Hallux (big toe) rigidus (rigidity or stiffness) is a condition that effects the joint located at the base of the big toe. It causes pain and stiffness in the big toe joint (1st metatarsalphalangeal joint MPJ), and with time, it gets increasingly harder to bend the toe. It is a progressive condition limiting the toe’s motion more and more as time goes on.
In its earlier stage, when the motion of the big toe is only somewhat limited, the condition is called hallux limitus. But as the problem advances, the toe’s range of motion gradually decreases until it potentially reaches the end stage of rigidus, in which the big toe becomes stiff and motion becomes severely restricted. Functionally this can be very disabling as loss of motion at the MPJ can alter the way we walk effecting stride length, limb position during terminal stance, and alter lower extremity flexibility. Hallux limitus/rigidus can inhibit our ability to stoop down, climb, or even make it uncomfortable to stand.
Common causes of hallux rigidus are faulty biomechanics and structural abnormalities of the foot that can lead to osteoarthritis in the big toe joint. Osteoarthritis of the big toe joint often develops in people who have musculoskeletal conditions that change the way their foot and big toe functions. Individuals who have fallen arches or excessive pronation (flattening of the arch) are most susceptible to developing hallux rigidus.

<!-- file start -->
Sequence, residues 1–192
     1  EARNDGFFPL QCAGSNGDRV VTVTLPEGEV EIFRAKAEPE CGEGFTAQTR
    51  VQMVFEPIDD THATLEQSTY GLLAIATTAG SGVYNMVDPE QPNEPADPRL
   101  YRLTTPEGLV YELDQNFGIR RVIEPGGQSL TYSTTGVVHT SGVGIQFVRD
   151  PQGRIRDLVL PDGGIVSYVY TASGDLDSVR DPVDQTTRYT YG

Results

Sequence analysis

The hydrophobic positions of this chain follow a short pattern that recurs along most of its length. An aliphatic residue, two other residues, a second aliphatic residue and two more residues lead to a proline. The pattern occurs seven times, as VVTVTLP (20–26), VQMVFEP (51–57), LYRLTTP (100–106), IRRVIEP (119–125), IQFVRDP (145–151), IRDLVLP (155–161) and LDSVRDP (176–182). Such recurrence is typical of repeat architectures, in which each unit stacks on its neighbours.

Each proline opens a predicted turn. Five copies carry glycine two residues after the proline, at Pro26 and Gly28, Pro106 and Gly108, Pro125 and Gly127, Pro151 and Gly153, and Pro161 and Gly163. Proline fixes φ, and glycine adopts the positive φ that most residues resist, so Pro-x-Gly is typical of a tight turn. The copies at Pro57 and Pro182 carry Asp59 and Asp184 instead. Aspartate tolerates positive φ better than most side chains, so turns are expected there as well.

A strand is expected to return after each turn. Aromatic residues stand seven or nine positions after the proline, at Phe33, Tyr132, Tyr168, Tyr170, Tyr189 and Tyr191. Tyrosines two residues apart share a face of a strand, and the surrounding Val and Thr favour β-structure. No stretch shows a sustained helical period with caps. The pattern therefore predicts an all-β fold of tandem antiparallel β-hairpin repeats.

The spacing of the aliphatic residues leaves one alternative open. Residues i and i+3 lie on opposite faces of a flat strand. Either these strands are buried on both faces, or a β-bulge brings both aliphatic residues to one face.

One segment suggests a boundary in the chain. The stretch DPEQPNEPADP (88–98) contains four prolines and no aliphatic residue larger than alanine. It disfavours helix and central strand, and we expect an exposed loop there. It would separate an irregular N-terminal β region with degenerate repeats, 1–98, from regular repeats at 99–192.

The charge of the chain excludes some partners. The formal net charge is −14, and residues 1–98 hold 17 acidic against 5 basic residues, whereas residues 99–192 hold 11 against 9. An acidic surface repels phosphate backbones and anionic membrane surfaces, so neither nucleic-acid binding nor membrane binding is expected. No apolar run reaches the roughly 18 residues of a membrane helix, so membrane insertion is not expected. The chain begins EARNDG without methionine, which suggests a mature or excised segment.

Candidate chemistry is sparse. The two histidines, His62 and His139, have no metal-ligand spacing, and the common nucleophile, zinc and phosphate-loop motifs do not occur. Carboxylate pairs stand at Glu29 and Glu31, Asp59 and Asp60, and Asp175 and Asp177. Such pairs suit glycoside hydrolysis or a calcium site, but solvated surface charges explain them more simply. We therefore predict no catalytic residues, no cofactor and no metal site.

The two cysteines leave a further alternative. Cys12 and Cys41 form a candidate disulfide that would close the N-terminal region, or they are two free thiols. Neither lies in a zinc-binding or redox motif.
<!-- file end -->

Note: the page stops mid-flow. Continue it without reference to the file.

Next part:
Some people are prone to developing hallux rigidus due to inheriting a specific foot type. Excessive pronation associated with flat feet and internal rotation of the lower leg has been linked to the development of hallux limitus. Hallux rigidus can also result from an injury, such as stubbing your toe or from inflammatory diseases, such as rheumatoid arthritis or gout.
In other cases, hallux limitus/rigidus is associated with overuse activities or jobs that increase the stress on the big toe joint especially with jobs that require a lot of stooping or squatting. The most common cause of hallux limitus/rigidus is trauma, both acute trauma, and repetitive microtrauma. Athletes are susceptible to developing hallux limitus/rigidus especially those involved in sporting activities such as runners (sprinters), football (linemen/turf toe), rugby (scrum), basketball, soccer/volleyball (especially when played barefoot in sand), or any sport that requires squatting, such as the catcher’s position in baseball. Footwear can also play a role in developing hallux limitus/rigidus, especially when using a soft shoe on a hard surface.
Sole Remedy can address the inflammation, pain, and stiffness associated with hallux limitus/rigidus with appropriate shoe modifications and orthotic intervention to improve foot function.
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